Outer Island Unit Structured educational programs are available for schools, universities and professional groups on Outer Island Unit. Through a partnership with Connecticut State University, over 1,000 students visit the island each summer to learn about the island's unique ecology. For more information on arranging for an educational experience on Outer Island visit the Center for Education and Research on Outer Island website at Connecticut State University.
Salt Meadow Unit Refuge staff partner with Potopaug Audubon Society to provide several educational programs throughout the year. These programs have included lectures by owl and woodcock experts. Programs in the spring include eagles, waterfowl, and shorebirds, while owl programs are attended during the winter months. A spring treat includes a woodcock walk where the birds' ritualistic mating behavior amazes those in attendance. For more information on upcoming programs, please contact the refuge.
Sheffield Island Unit The Sheffield Island Unit trail and lighthouse are available for use by school groups and individuals from May to September. Many school groups are included in the over 17,000 visitors to the island each year. Educators can focus on the history of the lighthouse as an important navigational aid, or on the history of the island itself which started as a Native American community, was later used as a farm in the 1700's and was the home to a large mansion in the 1800's, and as a refuge for native flora and fauna today. To find out more about hours of ferry operation visit the Norwalk Seaport Association website.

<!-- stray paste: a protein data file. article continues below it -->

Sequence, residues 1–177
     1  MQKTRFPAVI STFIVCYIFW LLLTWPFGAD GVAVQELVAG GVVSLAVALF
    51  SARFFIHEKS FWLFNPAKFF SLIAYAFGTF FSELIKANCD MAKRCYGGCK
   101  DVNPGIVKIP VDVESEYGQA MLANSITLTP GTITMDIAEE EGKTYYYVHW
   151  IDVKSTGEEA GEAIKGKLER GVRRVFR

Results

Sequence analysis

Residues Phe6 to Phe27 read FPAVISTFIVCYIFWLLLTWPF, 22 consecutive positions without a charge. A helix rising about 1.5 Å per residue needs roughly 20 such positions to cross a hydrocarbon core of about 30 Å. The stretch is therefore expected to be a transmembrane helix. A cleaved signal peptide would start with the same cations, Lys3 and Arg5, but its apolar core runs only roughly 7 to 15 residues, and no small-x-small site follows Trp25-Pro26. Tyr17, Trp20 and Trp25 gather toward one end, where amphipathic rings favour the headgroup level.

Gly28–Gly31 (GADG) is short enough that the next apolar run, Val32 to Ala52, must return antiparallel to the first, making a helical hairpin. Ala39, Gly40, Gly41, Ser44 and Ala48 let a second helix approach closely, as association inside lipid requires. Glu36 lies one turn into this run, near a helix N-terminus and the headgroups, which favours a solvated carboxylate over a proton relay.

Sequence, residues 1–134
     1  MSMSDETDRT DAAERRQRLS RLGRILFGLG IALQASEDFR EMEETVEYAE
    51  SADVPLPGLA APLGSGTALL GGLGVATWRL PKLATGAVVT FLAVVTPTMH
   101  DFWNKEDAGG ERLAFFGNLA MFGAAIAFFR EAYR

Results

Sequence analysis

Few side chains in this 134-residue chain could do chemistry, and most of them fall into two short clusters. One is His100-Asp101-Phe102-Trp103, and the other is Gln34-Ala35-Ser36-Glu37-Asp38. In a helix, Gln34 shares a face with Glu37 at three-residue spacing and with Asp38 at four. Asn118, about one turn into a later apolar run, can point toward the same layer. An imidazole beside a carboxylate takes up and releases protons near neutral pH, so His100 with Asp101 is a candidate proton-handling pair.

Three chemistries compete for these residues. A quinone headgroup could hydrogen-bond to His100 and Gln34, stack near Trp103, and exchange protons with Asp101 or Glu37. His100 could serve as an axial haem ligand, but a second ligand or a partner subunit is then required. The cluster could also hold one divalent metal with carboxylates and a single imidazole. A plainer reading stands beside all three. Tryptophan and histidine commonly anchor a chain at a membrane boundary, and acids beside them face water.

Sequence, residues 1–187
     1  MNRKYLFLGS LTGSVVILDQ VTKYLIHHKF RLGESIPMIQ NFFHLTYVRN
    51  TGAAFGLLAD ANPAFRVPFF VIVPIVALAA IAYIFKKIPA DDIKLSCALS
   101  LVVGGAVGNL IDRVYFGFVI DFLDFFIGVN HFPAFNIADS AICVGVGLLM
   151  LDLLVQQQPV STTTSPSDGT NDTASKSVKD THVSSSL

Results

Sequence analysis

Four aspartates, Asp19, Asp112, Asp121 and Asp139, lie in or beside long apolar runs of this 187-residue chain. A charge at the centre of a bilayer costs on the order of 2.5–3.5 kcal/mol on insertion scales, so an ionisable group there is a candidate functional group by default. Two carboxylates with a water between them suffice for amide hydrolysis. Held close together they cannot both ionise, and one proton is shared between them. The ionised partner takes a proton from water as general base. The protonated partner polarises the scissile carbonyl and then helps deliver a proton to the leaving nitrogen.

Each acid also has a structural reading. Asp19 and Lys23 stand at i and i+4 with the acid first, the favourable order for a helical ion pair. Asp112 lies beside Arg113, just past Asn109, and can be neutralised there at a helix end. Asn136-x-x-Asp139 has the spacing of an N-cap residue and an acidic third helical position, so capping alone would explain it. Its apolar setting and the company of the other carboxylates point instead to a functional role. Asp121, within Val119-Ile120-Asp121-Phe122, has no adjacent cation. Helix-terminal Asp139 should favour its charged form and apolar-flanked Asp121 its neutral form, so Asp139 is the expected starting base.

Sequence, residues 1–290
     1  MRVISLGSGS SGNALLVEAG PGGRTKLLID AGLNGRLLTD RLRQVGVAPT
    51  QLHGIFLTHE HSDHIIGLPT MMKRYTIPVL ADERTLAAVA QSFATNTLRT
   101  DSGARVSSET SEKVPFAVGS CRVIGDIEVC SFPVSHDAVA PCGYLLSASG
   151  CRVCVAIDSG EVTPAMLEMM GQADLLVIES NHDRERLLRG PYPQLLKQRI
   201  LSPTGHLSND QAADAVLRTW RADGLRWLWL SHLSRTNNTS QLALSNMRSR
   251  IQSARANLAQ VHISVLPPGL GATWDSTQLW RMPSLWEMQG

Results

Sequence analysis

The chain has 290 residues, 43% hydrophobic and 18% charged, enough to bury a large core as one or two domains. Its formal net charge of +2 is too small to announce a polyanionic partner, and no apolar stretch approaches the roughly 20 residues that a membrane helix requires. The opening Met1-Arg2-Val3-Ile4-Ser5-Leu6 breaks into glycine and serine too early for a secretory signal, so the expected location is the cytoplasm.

Calf Island Unit Educational groups may obtain a special use permit to hold approved environmental education programming on the Calf Island Unit. Please contact the Refuge for more information.
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Did you know that there is a native cactus in Connecticut? Yes, Opuntia humifusa or the prickly-pear grows in all eastern states except Maine, Vermont, and New Hampshire. Although it is rare and listed as a species of special concern in the state, you can find it on several units of the Stewart B. McKinney NWR.